This is particulary striking because Delay’s redistricting added 5 house seats into the GOP lead. Just about the number of votes that several pieces of critical legislation passed on. The damage gets worse. Just like FEMA and other agencies in the Federal Government that rely on highly professional experts who are willing to work at government pay, not to mention the onmnipresent accusations of incompetence, the DoJ has lost many of those dedicated employees.

Morale plummeted, resulting in an alarming exodus of career attorneys. In the last two years, 55% to 60% of attorneys in the voting section have transferred to other departments or left the Justice Department entirely.

Who could disagree when Rich notes,

As the 2008 elections approach, it is critical to have a Justice Department that approaches its responsibility to all eligible voters without favor.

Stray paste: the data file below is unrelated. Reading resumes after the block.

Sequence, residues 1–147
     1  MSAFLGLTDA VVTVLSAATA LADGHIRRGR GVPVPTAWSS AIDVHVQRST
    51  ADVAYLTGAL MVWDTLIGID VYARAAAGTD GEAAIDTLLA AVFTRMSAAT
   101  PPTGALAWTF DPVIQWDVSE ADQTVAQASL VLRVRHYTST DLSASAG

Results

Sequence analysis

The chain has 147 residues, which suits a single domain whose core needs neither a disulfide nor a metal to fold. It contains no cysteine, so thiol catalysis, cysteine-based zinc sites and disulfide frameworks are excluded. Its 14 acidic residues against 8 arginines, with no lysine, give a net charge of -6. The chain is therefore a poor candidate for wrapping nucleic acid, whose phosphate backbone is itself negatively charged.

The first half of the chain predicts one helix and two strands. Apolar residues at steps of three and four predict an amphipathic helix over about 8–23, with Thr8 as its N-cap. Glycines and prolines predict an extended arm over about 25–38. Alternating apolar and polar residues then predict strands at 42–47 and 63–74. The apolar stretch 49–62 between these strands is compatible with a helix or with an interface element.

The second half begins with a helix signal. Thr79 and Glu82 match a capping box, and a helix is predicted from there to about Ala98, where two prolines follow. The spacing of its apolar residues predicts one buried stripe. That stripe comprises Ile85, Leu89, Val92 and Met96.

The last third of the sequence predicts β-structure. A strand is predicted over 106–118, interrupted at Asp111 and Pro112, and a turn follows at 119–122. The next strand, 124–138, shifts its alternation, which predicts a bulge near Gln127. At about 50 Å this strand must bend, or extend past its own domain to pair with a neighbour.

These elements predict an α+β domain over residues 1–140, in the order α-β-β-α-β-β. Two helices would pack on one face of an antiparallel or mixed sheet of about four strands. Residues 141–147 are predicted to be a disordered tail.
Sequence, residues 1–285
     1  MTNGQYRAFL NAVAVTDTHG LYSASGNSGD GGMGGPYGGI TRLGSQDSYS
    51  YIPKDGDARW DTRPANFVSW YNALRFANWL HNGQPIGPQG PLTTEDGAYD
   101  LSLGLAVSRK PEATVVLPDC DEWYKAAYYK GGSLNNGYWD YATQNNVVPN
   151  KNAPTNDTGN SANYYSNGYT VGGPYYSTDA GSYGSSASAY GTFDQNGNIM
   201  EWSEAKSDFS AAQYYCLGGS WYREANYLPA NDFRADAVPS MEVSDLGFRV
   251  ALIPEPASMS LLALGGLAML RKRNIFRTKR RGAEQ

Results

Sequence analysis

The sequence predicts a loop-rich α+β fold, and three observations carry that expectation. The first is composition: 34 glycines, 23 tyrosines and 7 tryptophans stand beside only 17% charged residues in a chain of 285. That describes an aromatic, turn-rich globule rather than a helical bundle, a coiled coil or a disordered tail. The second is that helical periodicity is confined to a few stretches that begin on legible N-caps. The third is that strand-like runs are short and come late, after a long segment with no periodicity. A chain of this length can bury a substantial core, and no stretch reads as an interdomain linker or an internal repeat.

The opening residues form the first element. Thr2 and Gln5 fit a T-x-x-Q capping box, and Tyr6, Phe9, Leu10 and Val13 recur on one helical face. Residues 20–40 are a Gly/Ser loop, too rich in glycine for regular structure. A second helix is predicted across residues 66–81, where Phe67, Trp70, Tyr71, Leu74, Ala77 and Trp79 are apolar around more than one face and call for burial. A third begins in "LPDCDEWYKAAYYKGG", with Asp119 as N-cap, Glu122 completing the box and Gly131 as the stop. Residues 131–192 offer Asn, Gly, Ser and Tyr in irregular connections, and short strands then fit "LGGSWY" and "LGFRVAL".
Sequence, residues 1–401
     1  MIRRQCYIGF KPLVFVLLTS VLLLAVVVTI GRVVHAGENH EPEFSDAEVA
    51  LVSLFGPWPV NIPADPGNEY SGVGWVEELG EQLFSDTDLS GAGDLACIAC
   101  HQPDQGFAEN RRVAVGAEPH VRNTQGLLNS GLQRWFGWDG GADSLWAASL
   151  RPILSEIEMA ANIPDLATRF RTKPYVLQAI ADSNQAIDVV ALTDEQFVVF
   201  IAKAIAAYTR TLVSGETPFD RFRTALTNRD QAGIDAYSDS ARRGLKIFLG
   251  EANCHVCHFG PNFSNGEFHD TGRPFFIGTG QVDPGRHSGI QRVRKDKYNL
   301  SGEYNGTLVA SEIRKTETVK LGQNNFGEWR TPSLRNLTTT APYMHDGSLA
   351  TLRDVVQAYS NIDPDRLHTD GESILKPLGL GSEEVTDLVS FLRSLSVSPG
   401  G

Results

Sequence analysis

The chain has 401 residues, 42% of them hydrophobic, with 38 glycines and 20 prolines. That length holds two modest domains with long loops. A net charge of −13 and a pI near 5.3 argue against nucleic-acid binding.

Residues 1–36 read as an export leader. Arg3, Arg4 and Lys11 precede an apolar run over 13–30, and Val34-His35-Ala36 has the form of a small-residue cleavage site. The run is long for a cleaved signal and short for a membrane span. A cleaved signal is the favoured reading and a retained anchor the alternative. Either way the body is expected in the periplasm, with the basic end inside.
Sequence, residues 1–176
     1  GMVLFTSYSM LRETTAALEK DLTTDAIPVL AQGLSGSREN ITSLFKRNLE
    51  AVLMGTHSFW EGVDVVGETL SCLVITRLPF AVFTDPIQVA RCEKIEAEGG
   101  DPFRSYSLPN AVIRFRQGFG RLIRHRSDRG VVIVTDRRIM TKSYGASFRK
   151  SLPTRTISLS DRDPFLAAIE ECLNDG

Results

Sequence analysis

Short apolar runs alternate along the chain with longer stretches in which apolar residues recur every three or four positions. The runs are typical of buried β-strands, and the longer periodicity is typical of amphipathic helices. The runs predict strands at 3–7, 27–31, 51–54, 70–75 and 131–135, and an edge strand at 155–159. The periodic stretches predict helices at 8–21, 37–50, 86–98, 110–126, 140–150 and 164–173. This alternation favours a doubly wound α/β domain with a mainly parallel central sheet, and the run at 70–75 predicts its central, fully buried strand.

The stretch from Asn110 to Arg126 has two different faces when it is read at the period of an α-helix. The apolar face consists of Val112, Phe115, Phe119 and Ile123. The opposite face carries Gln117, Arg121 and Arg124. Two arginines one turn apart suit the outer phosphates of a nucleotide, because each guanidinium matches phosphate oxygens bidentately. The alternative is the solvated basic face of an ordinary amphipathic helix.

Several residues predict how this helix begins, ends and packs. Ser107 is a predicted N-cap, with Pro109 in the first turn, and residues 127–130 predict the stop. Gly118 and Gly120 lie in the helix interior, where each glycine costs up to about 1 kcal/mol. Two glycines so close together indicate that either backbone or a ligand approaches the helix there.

On top of the tilting of journalism to the GOP for the past six or more years, we have had more of the Justice Department than the Supreme Court interfering with the American vote. I have said before and repeat: the Democrats have done a very impressive job of getting elected and maintaining the margins in Congress that they have. At least the people interfering in the election did not succeed in keeping the American voters from getting oversight back to Congress. Maybe we can get out of this nightmare.

Update: In the NYT yesterday, more on the BushCo history of political appointees interfering with the department experts.“Report Says Interior Official Overrode Work of Scientists”

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6 Responses to Former US Attorney in DoJ Voting Section Reveals Pattern of Bush Interference on Political Cases

  1. Darrell Prows says: